Mentally ill British man near plea deal in U.S. terror case: lawyer - Metro US

Mentally ill British man near plea deal in U.S. terror case: lawyer

By Nate Raymond

NEW YORK (Reuters) – A mentally ill Briton is near a plea deal to resolve U.S. terrorism charges that he conspired with radical London cleric Abu Hamza al-Masri to set up a jihadist training camp in Oregon in 1999, his lawyer said Tuesday.

Haroon Aswat, who faces charges including conspiracy to provide support to al Qaeda and providing such support, has reached an “agreement in principle” to plead guilty, defense lawyer Peter Quijano said in Manhattan federal court.

“There’s a few random issues we need to resolve,” Quijano said after the hearing. “We’re very close.”

A deal could be reached within two weeks, Quijano told U.S. District Judge Katherine Forrest, resolving the case ahead of a June 1 trial date.

A spokeswoman for Manhattan U.S. Attorney Preet Bharara declined to comment.

Prosecutors say Aswat, a British citizen of Indian descent, traveled to Oregon in 1999 with another man, Oussama Kassir, at Abu Hamza’s behest, in order to help set up a militant training camp in a town called Bly.

Authorities also said a ledger recovered from an al Qaeda safe house in Pakistan contained Aswat’s name.

The safe house was used by Khalid Sheikh Mohammed, the accused architect of al Qaeda’s attacks against the United States on Sept. 11, 2001, prosecutors said.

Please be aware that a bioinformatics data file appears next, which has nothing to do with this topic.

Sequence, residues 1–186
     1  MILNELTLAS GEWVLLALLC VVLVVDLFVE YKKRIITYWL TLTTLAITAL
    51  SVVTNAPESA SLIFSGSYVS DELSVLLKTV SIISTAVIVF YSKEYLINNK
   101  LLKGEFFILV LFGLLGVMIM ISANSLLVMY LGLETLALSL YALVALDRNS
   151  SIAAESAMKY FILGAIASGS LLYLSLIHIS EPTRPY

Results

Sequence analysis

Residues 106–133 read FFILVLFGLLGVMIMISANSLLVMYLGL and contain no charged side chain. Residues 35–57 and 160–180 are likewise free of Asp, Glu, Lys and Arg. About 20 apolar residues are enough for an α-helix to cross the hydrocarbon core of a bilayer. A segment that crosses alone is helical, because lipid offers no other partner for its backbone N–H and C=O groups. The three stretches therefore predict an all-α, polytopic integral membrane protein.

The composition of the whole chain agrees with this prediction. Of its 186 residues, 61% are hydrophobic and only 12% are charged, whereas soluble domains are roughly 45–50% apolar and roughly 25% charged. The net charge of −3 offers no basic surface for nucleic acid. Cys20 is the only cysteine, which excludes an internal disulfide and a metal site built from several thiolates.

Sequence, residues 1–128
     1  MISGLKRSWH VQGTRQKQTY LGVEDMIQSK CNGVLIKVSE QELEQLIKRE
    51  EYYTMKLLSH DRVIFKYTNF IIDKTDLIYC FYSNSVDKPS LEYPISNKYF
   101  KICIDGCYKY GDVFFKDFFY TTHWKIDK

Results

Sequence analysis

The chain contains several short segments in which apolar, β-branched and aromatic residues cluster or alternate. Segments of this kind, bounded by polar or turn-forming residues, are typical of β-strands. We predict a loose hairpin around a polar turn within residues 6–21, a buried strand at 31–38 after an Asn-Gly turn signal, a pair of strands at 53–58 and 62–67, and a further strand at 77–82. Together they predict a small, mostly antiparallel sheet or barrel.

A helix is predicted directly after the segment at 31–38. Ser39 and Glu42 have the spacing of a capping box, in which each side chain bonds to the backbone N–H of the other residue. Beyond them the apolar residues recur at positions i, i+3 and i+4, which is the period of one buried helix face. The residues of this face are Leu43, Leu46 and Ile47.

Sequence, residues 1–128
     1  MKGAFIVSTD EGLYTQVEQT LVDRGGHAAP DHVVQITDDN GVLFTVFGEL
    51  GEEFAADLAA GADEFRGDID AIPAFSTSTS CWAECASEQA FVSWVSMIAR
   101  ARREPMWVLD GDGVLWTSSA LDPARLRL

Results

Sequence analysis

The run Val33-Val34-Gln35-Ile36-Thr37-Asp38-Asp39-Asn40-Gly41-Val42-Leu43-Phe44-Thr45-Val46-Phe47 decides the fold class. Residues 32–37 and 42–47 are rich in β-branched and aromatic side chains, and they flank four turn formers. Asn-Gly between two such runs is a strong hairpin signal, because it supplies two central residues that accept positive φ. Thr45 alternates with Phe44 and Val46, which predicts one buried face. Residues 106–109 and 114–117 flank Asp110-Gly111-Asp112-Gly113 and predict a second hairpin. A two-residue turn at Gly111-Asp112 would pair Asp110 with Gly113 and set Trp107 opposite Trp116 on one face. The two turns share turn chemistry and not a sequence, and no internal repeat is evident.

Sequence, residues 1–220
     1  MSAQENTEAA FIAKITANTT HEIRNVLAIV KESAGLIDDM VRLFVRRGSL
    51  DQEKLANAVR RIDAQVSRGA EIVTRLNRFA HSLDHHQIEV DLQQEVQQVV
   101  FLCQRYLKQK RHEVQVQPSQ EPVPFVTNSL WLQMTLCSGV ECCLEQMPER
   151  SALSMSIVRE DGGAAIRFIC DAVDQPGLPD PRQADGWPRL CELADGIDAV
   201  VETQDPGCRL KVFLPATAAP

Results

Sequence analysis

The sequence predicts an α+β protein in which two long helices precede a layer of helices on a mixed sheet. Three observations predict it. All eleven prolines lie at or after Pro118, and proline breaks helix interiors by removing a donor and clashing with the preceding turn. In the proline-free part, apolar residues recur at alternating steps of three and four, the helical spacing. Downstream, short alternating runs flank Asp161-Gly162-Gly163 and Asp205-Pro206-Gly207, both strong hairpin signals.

A jury convicted the one-eyed, handless Abu Hamza in May, and Forrest in January sentenced him to life in prison.

Kassir was convicted in New York in 2009 and sentenced to life in prison. Another conspirator, James Ujaama, pleaded guilty in 2003 and agreed to cooperate, testifying as a key witness at Abu Hamza’s trial.

Aswat, 40, has been in custody since his arrest in Zambia in 2005 and deportation to Britain, where he was held pending an extradition request from the United States.

In 2008, he was transferred from prison to Broadmoor, a high-security psychiatric hospital in southern England, where he was diagnosed with paranoid schizophrenia.

In 2013, the European Court of Human Rights blocked his extradition because of his mental condition, saying his likely detention in a potentially “more hostile” environment could cause his mental and physical health to deteriorate.

After assurances from the United States that he would receive adequate care, however, London’s High Court approved the extradition, leading to his transfer in October.

(Reporting by Nate Raymond in New York)

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